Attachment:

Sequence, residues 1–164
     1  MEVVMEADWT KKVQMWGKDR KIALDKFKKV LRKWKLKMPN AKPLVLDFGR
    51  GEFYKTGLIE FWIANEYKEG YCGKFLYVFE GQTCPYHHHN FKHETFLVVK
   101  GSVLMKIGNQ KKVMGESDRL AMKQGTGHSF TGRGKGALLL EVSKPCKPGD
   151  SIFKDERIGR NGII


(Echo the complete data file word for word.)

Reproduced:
Sequence, residues 1–164
     1  MEVVMEADWT KKVQMWGKDR KIALDKFKKV LRKWKLKMPN AKPLVLDFGR
    51  GEFYKTGLIE FWIANEYKEG YCGKFLYVFE GQTCPYHHHN FKHETFLVVK
   101  GSVLMKIGNQ KKVMGESDRL AMKQGTGHSF TGRGKGALLL EVSKPCKPGD
   151  SIFKDERIGR NGII